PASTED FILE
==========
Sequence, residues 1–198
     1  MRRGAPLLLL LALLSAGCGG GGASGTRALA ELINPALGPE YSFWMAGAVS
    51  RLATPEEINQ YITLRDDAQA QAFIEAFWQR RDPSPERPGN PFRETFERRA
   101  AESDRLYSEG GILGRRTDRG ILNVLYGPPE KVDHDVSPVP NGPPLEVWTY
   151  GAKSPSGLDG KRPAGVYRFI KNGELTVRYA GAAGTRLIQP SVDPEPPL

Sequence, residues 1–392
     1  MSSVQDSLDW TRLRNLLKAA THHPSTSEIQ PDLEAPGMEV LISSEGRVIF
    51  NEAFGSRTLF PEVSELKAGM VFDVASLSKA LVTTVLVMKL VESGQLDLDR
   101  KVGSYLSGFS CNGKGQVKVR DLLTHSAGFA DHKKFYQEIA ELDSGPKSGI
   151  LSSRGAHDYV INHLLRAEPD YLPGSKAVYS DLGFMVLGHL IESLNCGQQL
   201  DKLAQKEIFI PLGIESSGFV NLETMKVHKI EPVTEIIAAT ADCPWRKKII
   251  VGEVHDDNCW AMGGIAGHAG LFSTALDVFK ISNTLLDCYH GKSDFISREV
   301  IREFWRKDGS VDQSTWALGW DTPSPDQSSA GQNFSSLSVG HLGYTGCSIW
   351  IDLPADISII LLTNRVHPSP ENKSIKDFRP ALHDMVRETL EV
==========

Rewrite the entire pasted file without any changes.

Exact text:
Sequence, residues 1–198
     1  MRRGAPLLLL LALLSAGCGG GGASGTRALA ELINPALGPE YSFWMAGAVS
    51  RLATPEEINQ YITLRDDAQA QAFIEAFWQR RDPSPERPGN PFRETFERRA
   101  AESDRLYSEG GILGRRTDRG ILNVLYGPPE KVDHDVSPVP NGPPLEVWTY
   151  GAKSPSGLDG KRPAGVYRFI KNGELTVRYA GAAGTRLIQP SVDPEPPL

Sequence, residues 1–392
     1  MSSVQDSLDW TRLRNLLKAA THHPSTSEIQ PDLEAPGMEV LISSEGRVIF
    51  NEAFGSRTLF PEVSELKAGM VFDVASLSKA LVTTVLVMKL VESGQLDLDR
   101  KVGSYLSGFS CNGKGQVKVR DLLTHSAGFA DHKKFYQEIA ELDSGPKSGI
   151  LSSRGAHDYV INHLLRAEPD YLPGSKAVYS DLGFMVLGHL IESLNCGQQL
   201  DKLAQKEIFI PLGIESSGFV NLETMKVHKI EPVTEIIAAT ADCPWRKKII
   251  VGEVHDDNCW AMGGIAGHAG LFSTALDVFK ISNTLLDCYH GKSDFISREV
   301  IREFWRKDGS VDQSTWALGW DTPSPDQSSA GQNFSSLSVG HLGYTGCSIW
   351  IDLPADISII LLTNRVHPSP ENKSIKDFRP ALHDMVRETL EV